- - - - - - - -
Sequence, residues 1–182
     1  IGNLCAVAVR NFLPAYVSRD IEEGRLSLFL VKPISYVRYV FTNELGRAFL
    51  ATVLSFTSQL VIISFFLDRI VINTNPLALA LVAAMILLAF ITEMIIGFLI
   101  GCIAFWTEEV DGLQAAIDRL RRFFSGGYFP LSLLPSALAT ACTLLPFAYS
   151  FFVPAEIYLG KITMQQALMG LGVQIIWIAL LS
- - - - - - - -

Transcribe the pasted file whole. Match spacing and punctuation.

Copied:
Sequence, residues 1–182
     1  IGNLCAVAVR NFLPAYVSRD IEEGRLSLFL VKPISYVRYV FTNELGRAFL
    51  ATVLSFTSQL VIISFFLDRI VINTNPLALA LVAAMILLAF ITEMIIGFLI
   101  GCIAFWTEEV DGLQAAIDRL RRFFSGGYFP LSLLPSALAT ACTLLPFAYS
   151  FFVPAEIYLG KITMQQALMG LGVQIIWIAL LS